How the politically connected cut their losses

Found this amusing, re: Iraq & the political status of its oil.  All emphasis mine:

Bush administration officials told Hunt Oil last summer that they did not object to its efforts to reach an oil deal with the Kurdish regional government in northern Iraq, even while the State Department was publicly expressing concern that such contracts could undermine a national Iraqi petroleum law, according to documents obtained by a House committee.

Last fall, after the deal was announced, the State Department said that it had tried to dissuade Hunt Oil from signing the contract with Kurdish regional authorities but that the company had proceeded “regardless of our advice.” Although Hunt Oil’s chief executive has been a major fundraiser for President Bush, the president said he knew nothing about the deal.

Yesterday, however, Henry A. Waxman (D-Calif.), chairman of the House Committee on Oversight and Government Reform, released documents and e-mails showing that for nearly four months, State and Commerce department officials knew about Hunt Oil’s negotiations and had told company officials that there were no objections. In one note, a Commerce Department official even wished them “a fruitful visit to Kurdistan” and invited them to contact him “in case you need any support.”

That guidance contradicted the administration’s public posture. The Bush administration made an Iraqi national petroleum law, which has still not been adopted, a top priority last year in the hope it would more tightly bind the country’s regions together and open the way for international oil companies to invest in much larger oil fields south of Iraq’s Kurdish region. The State Department said, and continues to assert, that it opposes any contract with a regional Iraqi authority in the absence of a national petroleum law.

The Hunt Oil deal was seen by Kurdish officials as a key victory because the company’s chief executive, Ray L. Hunt, was not only a major backer of Bush but also a member of the President’s Foreign Intelligence Advisory Board. After the deal was completed, a dozen other foreign firms signed oil contracts with Kurdish authorities.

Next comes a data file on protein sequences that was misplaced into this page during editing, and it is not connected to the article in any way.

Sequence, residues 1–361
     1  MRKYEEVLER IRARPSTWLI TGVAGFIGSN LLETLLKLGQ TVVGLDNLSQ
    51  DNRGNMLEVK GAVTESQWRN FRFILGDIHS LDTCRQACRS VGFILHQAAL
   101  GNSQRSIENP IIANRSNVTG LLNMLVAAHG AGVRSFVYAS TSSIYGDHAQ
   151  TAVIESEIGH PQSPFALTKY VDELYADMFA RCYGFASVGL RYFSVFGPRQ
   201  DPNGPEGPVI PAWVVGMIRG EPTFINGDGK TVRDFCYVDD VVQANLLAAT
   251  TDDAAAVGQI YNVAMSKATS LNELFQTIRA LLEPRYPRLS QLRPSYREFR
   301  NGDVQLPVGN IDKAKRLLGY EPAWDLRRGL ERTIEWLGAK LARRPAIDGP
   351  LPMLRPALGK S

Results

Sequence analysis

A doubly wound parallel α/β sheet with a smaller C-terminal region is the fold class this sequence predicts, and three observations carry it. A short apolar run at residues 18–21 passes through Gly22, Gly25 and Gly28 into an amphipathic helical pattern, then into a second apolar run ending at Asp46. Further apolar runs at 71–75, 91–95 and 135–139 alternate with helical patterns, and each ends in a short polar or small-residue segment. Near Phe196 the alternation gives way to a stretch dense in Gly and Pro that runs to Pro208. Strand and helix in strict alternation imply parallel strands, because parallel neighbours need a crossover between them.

So the administration lied.  Big Whoop, they always do.

So the CEO of Hunt Oil is a buddy of Bush.  No duh.

What’s the interesting part of this story, you ask?  Simple: the combination of this agreement with Kurdistan and the multiple ones that followed with the public stance of ostensibly keeping Iraq whole show the one area where there was a Plan B.  Since that US-written oil legislation foisted on Iraq has been filing itself under “will be passed when Dr Dre finally releases that damn Detox album”, the oil companies have been preparing themselves in case of a split so they can at least get somethingThey clearly have not given up, but strategically they’re light years ahead of the administration.

BTW: right away after clicking that last link, the article starts with this:

Four Western oil companies are in the final stages of negotiations this month on contracts that will return them to Iraq, 36 years after losing their oil concession to nationalization as Saddam Hussein rose to power.

As someone who knows the real motivations behind much of our foreign policy, all I have to say is this: what took so long this time?

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About b-psycho

Left-libertarian blogger & occasional musician.
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